Gardening columnist Carol Hyperlink discusses oakleaf hydrangeas


A few years ago we felled the trees on our 33 hectares. After all the trees were gone, the hill behind us was exposed and we discovered that about an acre had been covered in oak leaf hydrangeas.

At that time, I was potting several shrubs to sell at the Etowah County Master Gardener’s annual plant sale. After doing this job, we started digging up a large number of shrubs that we transplanted into our landscape.

Large, creamy grapes are just beginning to form on the cluster of large oak leaf hydrangeas that grow on the edge of the forest to the right of our landscape. The raised bed location receives morning sun and afternoon shade.

The growth medium in the bed consists of composted plant material and forest topsoil. We haven’t applied commercial mulch in this area in years. The trees in the area provide an enormous amount of leaves and pine needles that act as natural mulch.

This is the area that we tried to naturalize with native plants. As oak leaf hydrangeas send out runners and produce new plants, the bed is full of small plants that are too young to flower this season, but eventually the bed will be filled with mature oak leaf hydrangeas.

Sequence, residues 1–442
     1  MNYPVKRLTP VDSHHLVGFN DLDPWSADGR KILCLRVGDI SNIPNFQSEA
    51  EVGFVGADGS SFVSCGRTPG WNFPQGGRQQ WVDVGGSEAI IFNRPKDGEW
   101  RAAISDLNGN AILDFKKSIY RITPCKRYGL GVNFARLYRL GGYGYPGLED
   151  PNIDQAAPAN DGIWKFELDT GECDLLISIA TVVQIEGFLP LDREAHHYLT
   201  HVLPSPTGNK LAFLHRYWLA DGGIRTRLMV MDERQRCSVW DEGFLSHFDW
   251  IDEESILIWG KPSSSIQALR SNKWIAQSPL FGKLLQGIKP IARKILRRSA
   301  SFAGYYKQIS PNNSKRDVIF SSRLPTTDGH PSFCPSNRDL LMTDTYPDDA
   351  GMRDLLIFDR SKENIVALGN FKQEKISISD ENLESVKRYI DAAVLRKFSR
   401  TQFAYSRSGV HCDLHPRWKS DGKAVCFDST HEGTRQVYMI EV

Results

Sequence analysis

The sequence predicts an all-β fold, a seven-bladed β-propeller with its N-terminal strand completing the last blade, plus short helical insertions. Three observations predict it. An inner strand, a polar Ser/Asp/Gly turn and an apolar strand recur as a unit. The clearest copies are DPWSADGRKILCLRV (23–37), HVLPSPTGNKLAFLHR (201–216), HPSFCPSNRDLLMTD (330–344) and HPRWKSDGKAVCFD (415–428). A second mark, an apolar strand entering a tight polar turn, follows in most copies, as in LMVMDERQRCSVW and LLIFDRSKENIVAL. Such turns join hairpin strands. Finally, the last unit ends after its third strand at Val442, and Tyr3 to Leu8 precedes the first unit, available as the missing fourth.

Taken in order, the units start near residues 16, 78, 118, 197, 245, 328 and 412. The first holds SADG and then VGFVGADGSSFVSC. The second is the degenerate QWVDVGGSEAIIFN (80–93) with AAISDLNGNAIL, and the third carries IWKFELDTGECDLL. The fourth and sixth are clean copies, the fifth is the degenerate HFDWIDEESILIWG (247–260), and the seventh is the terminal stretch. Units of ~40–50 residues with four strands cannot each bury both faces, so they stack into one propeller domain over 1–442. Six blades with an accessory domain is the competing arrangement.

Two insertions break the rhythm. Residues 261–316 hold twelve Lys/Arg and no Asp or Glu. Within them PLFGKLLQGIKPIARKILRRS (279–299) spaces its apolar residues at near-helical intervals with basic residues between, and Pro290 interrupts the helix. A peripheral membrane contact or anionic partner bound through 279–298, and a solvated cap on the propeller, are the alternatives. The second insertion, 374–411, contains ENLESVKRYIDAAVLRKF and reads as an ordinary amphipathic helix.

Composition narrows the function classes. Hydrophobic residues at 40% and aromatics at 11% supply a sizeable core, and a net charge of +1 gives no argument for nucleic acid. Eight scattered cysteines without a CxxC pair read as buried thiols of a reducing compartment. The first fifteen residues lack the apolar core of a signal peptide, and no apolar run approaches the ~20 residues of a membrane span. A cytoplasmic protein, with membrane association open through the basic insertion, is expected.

In addition to a large oak-leaf hydrangea, this border contains some brightly colored azaleas that bloom in early spring, as well as a collection of irises, daylilies, and gladioli that bloom at other times.  We planted native ferns as secondary crops that have spread throughout the area to form a natural ground cover.  Along the foundation is a gardenia that will present beautiful white, strongly scented flowers later in the season.

We have also planted oak leaf hydrangeas in other areas of the landscape. One area is a raised bed near the porch. This bed also contains some brightly colored azaleas that bloom in early spring, as well as a collection of irises, daylilies, and gladioli.

To complement the native hydrangeas a few years ago, a friend gave me a box full of native ferns that she had dug up in the woods around her mother’s house. We planted them among the oak leaf hydrangeas as backup plants and they have spread over the entire area creating a natural ground cover that will eventually fill the expanded planting bed that surrounds a large tulip poplar near the house.

The large shrubs here also develop large clusters of flowers that wrap one end of the porch when the plants are in full bloom.

We planted additional oak leaf hydrangeas in a raised planting bed in the back yard near our pavilion. This bed is arranged around three large trees so that all of these raised beds receive both sun and shade. When all the oak leaf hydrangeas are in bloom in our garden, the place is beautiful.

Carol (Bonnie) Link is an Etowah County gardener and veteran gardening writer. Her weekly column is designed to help and encourage others with their gardening work. Send questions or comments to